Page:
Four women, mothers or sisters of disappeared persons, bear witness to their tireless struggle to find their loved ones again and to the impact, at a personal and collective level, of facing up to a disappearance. On the basis of their own experiences, they reflect on the need to clarify the truth of each case and to do justice as a means of reparation and non-repetition.Voices from Algeria, Colombia, Mexico and Honduras.
1. When and in what context did the disappearance of your relative take place?
Nassera Dutour, founder of the Coalition of Families of the Disappeared in Algeria (CFDA)
My son Amine was 21 years old. He was arrested on 30 January 1997 and he has been missing since then. He was at home that day and went out to see a friend. When they were together they realised they didn’t have their papers on them and they both returned home, because at that time in Algeria the police could stop you to demand your documents at any time. Amine went out again and a white car wasthere. Theymade him get in and he disappeared. They were probably agents of the intelligence service, but anyway we never heard from him again. Since then I have been struggling to discover the truth. In my search I met other mothers who were in the same situation as me and in 1999 we decided to create the Coalition of Families of the Disappeared in Algeria (CFDA).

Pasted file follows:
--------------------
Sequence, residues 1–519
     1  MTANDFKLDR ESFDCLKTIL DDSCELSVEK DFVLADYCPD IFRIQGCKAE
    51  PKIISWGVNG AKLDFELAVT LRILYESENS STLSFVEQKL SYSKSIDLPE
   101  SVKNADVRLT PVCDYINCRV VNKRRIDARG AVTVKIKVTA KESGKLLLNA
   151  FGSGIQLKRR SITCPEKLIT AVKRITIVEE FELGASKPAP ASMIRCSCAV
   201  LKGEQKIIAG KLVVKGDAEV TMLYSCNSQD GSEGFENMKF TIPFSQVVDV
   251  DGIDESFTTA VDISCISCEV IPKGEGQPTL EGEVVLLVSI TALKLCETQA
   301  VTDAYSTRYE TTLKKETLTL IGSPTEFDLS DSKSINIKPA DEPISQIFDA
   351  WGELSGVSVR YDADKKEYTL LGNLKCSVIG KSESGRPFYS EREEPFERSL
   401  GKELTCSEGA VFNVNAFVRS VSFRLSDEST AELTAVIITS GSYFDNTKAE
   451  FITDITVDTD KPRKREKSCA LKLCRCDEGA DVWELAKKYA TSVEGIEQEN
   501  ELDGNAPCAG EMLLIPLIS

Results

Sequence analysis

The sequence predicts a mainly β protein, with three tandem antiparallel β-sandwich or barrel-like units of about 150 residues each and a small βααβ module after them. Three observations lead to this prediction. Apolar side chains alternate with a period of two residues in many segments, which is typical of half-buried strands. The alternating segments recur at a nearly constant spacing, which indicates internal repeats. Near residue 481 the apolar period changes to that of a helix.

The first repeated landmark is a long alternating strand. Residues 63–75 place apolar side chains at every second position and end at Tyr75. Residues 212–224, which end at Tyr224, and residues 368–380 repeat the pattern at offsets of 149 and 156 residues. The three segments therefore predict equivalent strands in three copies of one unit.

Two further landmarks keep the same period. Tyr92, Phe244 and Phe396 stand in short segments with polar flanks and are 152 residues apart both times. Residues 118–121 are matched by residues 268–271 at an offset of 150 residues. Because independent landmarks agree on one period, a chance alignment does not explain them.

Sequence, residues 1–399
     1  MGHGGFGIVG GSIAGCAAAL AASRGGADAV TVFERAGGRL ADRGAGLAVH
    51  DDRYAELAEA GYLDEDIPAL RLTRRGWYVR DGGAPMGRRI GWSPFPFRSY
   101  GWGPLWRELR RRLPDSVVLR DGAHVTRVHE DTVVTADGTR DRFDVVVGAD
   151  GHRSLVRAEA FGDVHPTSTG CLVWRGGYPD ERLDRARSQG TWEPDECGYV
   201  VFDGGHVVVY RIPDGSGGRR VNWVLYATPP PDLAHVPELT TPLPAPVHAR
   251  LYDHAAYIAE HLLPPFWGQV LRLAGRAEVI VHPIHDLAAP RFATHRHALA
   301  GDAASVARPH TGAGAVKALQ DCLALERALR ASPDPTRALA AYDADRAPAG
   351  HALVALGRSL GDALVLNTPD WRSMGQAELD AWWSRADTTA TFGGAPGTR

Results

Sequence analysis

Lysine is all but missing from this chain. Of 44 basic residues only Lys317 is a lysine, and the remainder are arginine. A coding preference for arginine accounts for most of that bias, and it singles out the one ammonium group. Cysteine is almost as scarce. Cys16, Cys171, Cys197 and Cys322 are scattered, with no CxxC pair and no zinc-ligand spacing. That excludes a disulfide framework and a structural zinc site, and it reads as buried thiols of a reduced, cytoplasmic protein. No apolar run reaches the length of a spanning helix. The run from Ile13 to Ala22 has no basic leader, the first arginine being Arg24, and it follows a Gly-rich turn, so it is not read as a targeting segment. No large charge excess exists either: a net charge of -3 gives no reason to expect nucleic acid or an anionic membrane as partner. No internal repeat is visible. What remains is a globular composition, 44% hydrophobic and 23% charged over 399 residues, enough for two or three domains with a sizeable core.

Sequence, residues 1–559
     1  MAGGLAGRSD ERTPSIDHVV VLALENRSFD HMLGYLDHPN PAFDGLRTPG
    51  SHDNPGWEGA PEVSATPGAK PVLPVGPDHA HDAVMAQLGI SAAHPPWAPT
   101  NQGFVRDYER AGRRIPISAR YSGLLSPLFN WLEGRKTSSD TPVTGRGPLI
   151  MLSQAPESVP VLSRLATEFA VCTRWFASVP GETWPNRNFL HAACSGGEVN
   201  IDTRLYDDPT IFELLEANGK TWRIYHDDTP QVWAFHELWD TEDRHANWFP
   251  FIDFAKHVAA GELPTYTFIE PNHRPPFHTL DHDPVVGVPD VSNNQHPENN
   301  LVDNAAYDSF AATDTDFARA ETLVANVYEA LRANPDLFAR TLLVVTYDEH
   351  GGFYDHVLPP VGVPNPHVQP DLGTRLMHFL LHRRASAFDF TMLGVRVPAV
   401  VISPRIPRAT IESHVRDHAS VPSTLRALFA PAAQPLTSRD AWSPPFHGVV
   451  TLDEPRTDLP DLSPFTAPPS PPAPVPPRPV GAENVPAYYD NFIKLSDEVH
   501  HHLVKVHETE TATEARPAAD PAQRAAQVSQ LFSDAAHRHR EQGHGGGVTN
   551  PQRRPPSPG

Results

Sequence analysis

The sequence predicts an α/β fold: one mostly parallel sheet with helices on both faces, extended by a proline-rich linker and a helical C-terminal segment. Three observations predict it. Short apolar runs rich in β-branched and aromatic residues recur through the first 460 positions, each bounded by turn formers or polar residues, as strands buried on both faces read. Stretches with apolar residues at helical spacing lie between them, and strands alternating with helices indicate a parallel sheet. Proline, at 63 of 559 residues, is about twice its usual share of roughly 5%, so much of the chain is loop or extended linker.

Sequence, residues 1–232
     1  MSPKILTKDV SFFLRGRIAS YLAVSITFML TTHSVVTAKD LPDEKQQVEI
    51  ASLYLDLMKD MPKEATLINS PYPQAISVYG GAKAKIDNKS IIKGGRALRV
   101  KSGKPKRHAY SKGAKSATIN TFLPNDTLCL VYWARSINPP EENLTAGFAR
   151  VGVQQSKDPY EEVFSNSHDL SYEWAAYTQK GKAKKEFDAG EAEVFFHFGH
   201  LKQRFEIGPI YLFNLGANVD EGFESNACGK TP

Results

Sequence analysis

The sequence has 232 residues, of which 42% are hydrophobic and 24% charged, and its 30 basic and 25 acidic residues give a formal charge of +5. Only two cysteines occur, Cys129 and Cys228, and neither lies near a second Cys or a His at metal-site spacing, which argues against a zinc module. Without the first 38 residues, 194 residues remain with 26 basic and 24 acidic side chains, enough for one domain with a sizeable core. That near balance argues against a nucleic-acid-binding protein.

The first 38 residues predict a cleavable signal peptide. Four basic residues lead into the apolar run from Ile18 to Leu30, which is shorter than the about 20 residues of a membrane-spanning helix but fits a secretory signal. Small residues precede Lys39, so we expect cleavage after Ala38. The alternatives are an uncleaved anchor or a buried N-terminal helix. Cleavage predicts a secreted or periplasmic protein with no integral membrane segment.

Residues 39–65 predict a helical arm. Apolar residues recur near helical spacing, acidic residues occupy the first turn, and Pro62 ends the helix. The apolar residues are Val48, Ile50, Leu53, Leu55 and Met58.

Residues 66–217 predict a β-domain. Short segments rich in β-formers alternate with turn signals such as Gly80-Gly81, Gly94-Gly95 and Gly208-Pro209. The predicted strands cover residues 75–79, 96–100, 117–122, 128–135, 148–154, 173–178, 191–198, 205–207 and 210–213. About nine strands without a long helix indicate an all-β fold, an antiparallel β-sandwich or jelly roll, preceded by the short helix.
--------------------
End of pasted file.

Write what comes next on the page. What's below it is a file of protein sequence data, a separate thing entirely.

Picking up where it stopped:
Gladys Ávila, spokesperson for the European Group of Relatives of the Disappeared in Colombia
My brother Eduardo Ávila was arrested and disappeared on 20 April 1993, in the context of the Colombian armed conflict. He was 26 years old and I was 29. He had been a member of the M-19 guerrilla organisation, but they demobilised in 1990. We found his body a week after his disappearance, on a highway outside Bogotá. We recognised him by visual identification, because the police hid the data and closed the case for lack of evidence, without there being a possibility of DNA testing. Eduardo had the letter T, for his nickname Tiger, tattooed on his left arm. It was a tough moment. I could see the torture: his tongue was torn, his jaw was broken, he had wounds on his hands and fingers, and several gunshots. We managed to get the body handed over to us and since then I have been fighting for justice to be done. In a case of enforced disappearance, it’s just as painful to keep searching as to find the body.